Friday, March 31, 2017

Autogolpe in Venezuela

There has been an autogolpe, or self-coup, in Venezuela. The Supreme Court ruled that it would govern in the place of the National Assembly, and would feel free to prosecute members of the legislature. Horizontal accountability, already barely there, is now gone entirely. Unlike Peru in 1992 and Guatemala in 1993, the judicial system was part of it, not a target. But the basic idea is the same. In the language of all dictatorships, the government argues that democracy must be attacked in order to be preserved.

I had a lengthy Twitter discussion with Quico Toro yesterday, as he (like others) called on the military to do something. He argued that all other avenues had been exhausted. I argued that hope lay in pushing the splits between hardliners and softliners. Henry Ramos Allsup has said he thinks there plenty of people in the military and in the government who believe this is undemocratic and want elections.

Empowering chavista democrats is the challenge. My own opinion--for now, at least!--is that the best way to do this is for Latin America to close ranks. As I've made clear, I don't think Latin American unity is on the horizon. Maybe the autogolpe changes that. Maybe someone like Rafael Correa, who accepts elections and term limits, says something privately. Something along those lines could give life to the softliners. Peru recalled its ambassador but for now the response is not too strong.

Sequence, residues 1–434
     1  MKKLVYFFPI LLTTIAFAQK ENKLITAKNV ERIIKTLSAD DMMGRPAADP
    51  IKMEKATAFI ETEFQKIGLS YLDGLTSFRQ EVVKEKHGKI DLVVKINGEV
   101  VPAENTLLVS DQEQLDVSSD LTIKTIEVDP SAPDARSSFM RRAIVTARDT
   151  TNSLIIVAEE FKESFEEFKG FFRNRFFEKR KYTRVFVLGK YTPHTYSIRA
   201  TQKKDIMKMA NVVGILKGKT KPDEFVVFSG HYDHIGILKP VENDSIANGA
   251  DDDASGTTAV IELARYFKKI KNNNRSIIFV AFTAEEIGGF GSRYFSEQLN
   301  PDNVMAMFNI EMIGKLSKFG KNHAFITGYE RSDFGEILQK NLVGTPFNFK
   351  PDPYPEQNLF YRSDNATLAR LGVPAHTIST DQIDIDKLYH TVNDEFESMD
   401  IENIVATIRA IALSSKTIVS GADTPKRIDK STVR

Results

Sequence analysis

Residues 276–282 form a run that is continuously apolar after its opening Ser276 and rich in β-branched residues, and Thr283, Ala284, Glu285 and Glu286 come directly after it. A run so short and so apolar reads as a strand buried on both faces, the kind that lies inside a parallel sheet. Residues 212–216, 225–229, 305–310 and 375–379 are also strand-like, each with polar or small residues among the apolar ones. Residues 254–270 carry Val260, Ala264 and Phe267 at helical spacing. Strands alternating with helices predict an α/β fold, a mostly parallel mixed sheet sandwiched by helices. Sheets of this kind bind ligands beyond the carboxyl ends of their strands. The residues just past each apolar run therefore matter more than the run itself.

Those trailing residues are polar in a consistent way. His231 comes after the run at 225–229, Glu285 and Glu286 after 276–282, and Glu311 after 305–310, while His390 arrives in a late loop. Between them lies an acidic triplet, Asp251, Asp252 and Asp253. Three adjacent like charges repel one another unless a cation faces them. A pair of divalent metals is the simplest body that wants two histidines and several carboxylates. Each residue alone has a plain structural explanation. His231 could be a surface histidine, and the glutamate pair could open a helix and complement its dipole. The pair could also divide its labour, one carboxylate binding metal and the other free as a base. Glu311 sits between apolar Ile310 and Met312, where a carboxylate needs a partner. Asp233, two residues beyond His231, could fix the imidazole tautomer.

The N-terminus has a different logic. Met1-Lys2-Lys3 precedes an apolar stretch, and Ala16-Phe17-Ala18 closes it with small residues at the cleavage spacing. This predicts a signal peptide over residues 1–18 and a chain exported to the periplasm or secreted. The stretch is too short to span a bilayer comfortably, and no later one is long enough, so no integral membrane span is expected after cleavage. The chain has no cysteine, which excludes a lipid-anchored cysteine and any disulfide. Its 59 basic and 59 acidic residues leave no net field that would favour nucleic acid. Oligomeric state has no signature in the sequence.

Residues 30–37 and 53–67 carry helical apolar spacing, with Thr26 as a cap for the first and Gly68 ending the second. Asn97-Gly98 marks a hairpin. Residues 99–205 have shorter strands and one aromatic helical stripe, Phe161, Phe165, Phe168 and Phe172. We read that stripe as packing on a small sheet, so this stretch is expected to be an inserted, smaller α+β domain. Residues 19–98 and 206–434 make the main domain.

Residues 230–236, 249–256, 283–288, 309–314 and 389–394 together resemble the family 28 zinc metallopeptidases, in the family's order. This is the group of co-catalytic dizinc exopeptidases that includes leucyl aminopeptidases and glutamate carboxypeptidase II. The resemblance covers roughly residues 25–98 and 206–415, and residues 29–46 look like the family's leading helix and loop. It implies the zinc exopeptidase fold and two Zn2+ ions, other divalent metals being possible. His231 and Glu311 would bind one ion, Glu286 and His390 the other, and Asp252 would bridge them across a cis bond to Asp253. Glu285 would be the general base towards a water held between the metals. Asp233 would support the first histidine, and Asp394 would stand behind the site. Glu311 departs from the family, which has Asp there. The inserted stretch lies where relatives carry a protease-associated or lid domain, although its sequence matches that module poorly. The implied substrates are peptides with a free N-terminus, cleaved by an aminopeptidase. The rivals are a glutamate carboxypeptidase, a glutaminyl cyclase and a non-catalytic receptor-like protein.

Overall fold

If Latin America abdicates its responsibility, then the situation is more dire. At some point there will be large protests, and those protests will be repressed. Perhaps, as in 1989, a chunk of the military will resent being forced to do the repressing, and push back. Or perhaps a lot of people die and not much changes.

I suppose it's also possible that nothing happens, and everyone waits to see whether a presidential election is held in 2018. Meanwhile, Venezuela becomes more and more like Zimbabwe.

As they say, it's developing.


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